4. Develop and nurture compassion
Practice observing yourself and your partner without judging. Part of you might judge, but you don’t have to identify with it. Judging closes a door. The opposite of judging is compassion. When you are compassionate, you are open, connected, and more available to communicating respectfully with your partner. As you learn to see your partner compassionately, you will be more able to choose your response rather than just reacting.
5. Create a “we” that can contain two “I’s”
The foundation for a thriving, growing, mutually-supportive relationship is to be separate and connected. In co-dependent relationships, each person sacrifices part of him or her self, compromising the relationship as a whole. When you are separate and connected, each individual “I” contributes to the creation of a “we” that is stronger than the sum of its parts. Differences between you and your partner do not need to be negatives. You don’t need to be with someone who shares all of your interests and views. We may sometimes fear that these differences are incompatibilities, but in fact, they often keep a relationship exciting and full of life.
6. Partner, heal thyself
Don’t expect your partner to fill your emotional holes, and don’t try to fill theirs. Each of us can only heal ourselves. Your partner, however, can be supportive as you work with yourself, and vice versa. In fact, living in a loving relationship is healing in and of itself.
7. Ask questions when you’re unsure or are making assumptions
We can often make up our own stories or interpretations about what our partners’ behaviour means. For example: “She doesn’t want to be physically intimate = she must not really love me anymore.” Asking questions and listening to the answers from your whole self — heart, gut, mind and body can help us to avoid assumptions. Equally important is to hear what’s not being said — the facts and feeling that you sense might be unspoken.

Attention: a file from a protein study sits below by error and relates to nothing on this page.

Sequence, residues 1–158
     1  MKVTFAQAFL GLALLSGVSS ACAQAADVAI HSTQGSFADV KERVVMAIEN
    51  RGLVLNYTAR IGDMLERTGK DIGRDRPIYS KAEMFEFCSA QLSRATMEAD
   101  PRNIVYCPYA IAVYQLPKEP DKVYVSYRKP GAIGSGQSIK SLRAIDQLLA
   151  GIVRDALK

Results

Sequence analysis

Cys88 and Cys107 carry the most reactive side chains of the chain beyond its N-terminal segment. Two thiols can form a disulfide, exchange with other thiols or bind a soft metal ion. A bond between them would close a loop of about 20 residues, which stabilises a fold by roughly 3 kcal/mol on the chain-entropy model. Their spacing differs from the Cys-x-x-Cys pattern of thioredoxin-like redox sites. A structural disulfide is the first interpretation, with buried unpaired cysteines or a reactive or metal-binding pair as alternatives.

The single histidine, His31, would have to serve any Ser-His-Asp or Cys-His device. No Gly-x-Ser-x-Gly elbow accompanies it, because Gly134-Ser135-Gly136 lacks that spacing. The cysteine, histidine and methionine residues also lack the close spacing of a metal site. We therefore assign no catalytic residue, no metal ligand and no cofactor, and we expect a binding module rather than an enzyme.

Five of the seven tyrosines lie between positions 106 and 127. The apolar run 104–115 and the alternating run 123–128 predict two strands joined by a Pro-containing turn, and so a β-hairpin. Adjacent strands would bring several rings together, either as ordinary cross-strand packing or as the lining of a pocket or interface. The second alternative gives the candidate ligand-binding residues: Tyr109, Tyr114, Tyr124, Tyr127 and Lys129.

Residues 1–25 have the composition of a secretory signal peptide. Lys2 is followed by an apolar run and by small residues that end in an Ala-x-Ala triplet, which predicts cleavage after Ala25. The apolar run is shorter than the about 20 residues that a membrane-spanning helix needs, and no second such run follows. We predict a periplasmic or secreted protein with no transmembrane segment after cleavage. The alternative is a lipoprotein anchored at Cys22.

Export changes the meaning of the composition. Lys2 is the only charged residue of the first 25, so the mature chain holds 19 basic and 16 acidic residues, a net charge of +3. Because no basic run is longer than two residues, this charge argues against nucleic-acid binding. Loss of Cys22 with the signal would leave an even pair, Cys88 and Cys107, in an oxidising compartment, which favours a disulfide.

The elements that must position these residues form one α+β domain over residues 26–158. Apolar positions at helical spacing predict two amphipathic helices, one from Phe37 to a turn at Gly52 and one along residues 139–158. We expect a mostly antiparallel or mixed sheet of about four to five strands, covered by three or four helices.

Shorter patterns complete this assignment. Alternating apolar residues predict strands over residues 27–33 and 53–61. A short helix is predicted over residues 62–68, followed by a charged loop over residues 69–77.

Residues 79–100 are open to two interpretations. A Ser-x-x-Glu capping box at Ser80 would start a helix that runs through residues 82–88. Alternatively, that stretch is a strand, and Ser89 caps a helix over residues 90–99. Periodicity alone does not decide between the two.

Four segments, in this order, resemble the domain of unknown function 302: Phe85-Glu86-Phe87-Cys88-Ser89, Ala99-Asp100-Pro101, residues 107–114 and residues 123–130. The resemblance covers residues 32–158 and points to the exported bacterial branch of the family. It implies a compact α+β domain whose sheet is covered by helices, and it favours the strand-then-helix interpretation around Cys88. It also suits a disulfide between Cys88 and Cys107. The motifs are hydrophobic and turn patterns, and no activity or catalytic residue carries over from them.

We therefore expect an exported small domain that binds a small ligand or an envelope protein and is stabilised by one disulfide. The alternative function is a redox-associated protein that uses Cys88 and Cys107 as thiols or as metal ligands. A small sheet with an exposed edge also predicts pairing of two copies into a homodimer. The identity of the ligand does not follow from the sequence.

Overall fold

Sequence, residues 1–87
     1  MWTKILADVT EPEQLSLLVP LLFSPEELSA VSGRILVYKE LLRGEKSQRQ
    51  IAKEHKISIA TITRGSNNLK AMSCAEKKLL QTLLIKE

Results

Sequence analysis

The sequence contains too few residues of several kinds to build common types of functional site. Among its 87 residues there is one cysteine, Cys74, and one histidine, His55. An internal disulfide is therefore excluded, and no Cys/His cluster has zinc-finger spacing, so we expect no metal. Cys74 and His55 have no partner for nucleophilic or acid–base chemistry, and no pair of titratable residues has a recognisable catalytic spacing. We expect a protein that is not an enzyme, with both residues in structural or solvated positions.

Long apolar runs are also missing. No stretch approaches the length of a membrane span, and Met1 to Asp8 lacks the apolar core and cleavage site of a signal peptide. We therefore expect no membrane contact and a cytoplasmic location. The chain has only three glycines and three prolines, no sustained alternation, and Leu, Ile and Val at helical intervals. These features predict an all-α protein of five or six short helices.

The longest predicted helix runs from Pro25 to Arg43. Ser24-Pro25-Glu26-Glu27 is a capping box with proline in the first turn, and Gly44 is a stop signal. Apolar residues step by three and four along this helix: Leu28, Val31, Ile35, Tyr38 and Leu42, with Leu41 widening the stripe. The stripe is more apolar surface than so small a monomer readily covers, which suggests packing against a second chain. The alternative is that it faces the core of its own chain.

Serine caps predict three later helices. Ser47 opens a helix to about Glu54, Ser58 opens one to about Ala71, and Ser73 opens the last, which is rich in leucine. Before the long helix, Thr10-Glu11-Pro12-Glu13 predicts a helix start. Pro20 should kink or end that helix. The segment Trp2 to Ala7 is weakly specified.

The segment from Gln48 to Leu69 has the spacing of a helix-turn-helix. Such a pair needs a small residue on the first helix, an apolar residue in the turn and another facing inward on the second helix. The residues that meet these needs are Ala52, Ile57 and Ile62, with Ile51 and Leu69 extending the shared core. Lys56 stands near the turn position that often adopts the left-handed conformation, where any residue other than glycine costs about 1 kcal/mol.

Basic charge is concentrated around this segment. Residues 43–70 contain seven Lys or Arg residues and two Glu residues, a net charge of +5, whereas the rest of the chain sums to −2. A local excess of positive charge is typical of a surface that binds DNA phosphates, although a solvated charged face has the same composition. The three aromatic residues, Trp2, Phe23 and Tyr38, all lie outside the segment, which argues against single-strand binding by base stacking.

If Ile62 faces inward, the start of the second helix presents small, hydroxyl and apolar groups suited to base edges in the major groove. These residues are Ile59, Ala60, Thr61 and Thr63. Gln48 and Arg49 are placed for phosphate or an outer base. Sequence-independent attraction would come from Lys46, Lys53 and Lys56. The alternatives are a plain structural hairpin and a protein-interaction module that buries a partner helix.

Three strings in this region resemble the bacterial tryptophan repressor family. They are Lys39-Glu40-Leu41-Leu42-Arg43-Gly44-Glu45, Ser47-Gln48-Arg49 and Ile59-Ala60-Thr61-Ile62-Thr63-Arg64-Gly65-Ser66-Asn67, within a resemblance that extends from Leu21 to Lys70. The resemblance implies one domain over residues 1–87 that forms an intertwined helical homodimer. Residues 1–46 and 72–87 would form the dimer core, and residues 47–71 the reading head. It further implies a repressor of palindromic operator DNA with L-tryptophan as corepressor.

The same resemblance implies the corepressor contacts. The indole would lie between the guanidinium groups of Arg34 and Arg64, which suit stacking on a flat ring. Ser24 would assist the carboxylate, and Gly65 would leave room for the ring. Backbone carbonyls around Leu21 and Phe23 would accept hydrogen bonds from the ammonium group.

8. Make time for your relationship
No matter who you are or what your work is, you need to nurture your relationship. Make sure you schedule time for the well-being of your relationship. That includes scheduling dates and also taking downtime together. Frequently create a nurturing space together by shutting off all things technological and digital. Like a garden, the more you tend to your relationship, the more it will grow.
9. Say the “hard things” from love
Become aware of the hard things that you’re not talking about. How does that feel? No matter what you’re feeling in a situation, channel the energy of your emotions so that you say what you need to say in a constructive manner.
10. Express and respect each other’s wants and needs
Be aware of what you and your partner want for yourselves and what you want from the relationship. Let one another know what your needs are. Realize that your partner won’t be able to meet all of your needs. Some of these needs will have to be met outside the relationship. Be willing to negotiate and compromise on the things you want from eachother.
11. Respect Differences
Do not demand that a partner change to meet all your expectations. Work to accept the differences that you see between your ideal and the reality. Try to see things from the other person’s point of view. This doesn't mean that you must agree with each other, but rather that you can expect yourself and your partner to understand and respect your differences, your points of view and your separate needs. Where there are major differences in your expectations, needs, opinions or views, try to negotiate. Have compassion for each other and yourself if you realize that there are too many differences for the relationship to work.